Just a few days after the Turkish government blocked popular social networking site Twitter, it also imposed a crackdown on the video streaming site YouTube.
Twitter, which has an estimated 10 million Turkish subscribers, was blocked by Prime Minister Recep Tayyip Erdogan in the run-up to the local elections due to fears that voters will be influenced by what he calls “fake online tapes” that accuse him of corruption.
International news agency Reuters quoted PM Erdogan at a rally last week, saying that he could not see why “people of good sense” could take the side of popular social networking sites such as Facebook, Twitter, and YouTube because they carry “all of kinds of lies” there.
— Occupy Wall Street (@OccupyWallSt) March 21, 2014
Less than a week after the Twitter ban, Turkish YouTube users claimed to have been greeted by a message stating that “administrative measure” had been taken against the site after “technical analysis and legal consideration” in accordance with Turkish law.
A leaked audio recording of top government officials discussing potential military operations in Syria previously flooded the video website, thus prompting Turkey’s telecommunications authority (TIB) to take another administrative measure against it. There have been speculations that the government’s decision to remove YouTube access was made because PM Erdogan and the ruling Justice and Development Party (AKP) were trying to do some damage control over recent corruption allegations.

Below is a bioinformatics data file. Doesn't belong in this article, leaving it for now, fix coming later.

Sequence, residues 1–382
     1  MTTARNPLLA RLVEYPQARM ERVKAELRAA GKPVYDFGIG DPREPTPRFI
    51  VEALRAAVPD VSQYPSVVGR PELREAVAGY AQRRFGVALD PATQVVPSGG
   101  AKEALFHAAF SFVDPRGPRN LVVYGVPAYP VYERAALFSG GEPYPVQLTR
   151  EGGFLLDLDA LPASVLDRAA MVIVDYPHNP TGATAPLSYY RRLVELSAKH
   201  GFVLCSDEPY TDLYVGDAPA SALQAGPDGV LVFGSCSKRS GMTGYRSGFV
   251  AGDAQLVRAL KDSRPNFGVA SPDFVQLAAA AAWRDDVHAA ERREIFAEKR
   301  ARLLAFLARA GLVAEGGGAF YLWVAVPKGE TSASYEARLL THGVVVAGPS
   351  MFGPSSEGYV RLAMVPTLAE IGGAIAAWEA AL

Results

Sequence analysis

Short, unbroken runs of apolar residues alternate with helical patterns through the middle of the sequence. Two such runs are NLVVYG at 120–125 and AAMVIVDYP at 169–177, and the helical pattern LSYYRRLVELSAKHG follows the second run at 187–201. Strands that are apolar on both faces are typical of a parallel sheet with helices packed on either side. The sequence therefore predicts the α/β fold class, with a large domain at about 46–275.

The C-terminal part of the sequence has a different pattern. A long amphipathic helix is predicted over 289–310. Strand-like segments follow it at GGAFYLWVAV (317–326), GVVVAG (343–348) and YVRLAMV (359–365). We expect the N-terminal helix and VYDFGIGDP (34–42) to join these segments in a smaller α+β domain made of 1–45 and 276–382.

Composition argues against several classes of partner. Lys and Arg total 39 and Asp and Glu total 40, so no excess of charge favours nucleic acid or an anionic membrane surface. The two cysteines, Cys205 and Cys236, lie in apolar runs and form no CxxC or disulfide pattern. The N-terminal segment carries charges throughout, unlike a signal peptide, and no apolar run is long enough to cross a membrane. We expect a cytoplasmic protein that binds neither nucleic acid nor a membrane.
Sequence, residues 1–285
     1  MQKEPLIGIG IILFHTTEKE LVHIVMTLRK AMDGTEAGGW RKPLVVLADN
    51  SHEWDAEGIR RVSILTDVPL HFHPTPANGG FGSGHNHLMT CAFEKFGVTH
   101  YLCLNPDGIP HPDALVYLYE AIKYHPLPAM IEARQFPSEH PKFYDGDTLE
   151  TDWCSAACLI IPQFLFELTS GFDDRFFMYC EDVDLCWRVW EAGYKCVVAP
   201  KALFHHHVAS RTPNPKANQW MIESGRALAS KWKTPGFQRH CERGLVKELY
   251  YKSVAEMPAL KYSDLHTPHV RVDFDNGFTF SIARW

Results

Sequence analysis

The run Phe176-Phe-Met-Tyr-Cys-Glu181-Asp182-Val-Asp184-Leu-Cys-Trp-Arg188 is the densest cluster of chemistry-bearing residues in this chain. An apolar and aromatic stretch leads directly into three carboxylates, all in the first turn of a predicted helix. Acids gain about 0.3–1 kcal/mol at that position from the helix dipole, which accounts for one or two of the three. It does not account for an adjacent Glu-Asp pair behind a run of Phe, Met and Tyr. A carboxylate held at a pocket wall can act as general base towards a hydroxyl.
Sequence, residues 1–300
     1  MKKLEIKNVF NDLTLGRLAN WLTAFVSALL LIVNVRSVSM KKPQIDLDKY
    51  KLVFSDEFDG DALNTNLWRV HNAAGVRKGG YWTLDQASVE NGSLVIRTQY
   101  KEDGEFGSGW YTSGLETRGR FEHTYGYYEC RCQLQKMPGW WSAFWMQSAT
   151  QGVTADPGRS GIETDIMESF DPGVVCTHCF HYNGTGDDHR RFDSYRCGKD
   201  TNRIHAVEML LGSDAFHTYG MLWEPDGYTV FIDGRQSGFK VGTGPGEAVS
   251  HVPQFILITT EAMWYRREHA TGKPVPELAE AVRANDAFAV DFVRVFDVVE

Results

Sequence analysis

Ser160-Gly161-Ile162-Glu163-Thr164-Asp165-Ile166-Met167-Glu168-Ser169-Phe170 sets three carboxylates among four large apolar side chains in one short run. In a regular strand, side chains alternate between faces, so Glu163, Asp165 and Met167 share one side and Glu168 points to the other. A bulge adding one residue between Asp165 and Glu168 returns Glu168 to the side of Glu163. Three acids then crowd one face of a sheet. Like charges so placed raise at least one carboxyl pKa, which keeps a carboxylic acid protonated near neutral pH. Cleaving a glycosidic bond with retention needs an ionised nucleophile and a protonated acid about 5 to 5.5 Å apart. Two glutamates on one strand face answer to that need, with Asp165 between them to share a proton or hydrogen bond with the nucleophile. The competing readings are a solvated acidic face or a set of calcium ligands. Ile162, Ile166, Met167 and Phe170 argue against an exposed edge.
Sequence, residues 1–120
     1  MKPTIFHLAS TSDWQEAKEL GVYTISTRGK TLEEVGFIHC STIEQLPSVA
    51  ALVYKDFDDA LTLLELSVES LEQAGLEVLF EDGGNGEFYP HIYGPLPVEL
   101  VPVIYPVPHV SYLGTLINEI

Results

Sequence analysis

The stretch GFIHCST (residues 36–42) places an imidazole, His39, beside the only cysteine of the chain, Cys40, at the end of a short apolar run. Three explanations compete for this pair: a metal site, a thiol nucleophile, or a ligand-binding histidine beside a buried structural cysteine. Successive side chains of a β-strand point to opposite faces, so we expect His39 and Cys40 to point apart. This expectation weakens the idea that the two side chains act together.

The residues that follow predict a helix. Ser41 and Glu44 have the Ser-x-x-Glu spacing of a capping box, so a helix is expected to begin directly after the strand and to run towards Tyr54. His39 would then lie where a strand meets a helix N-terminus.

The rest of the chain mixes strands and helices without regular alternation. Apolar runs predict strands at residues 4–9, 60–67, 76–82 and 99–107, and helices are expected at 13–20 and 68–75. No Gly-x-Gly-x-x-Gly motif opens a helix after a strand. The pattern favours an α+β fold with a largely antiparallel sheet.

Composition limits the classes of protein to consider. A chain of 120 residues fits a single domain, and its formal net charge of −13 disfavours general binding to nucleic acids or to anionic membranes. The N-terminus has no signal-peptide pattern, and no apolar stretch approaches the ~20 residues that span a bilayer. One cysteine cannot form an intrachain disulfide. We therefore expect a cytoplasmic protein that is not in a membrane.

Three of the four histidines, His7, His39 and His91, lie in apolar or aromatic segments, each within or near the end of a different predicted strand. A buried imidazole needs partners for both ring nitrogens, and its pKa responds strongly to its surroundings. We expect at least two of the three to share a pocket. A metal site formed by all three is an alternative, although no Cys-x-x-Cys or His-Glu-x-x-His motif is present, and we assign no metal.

However, it was also reported that some users are able to access YouTube, while others aren’t.
— Ates Yanik (@atesyanik) March 27, 2014
YouTube access is blocked in Turkey. Way to go Erdogan.
— Oray Egin (@OrayinEnglish) March 27, 2014
Turkish Twitter users were originally getting around the crackdown by modifying their Domain Name System settings. The Twitter ban has since been lifted following a ruling imposed by an Ankara court. However, an insider from PM Edrogan’s office claimed that the TIB still had 30 days to appeal or implement the court’s decision.
PM Edrogan made a promise during the campaign trail that he would “wipe out” the service and that he did not care about the reaction of the international community regarding the matter.
According to a report by the Wall Street Journal, the seemingly hasty move to ban YouTube came after search engine Google turned down several requests from the Turkish government to remove videos featuring corruption accusations.
At a rally held today, PM Erdogan described the leaked video on YouTube as “villainous”, and one of his officials claimed that it caused an issue of national security. The same source also stated that the government was negotiating with YouTube and that it may lift the ban if the video sharing site agreed to take down the incriminating content.
Image via YouTube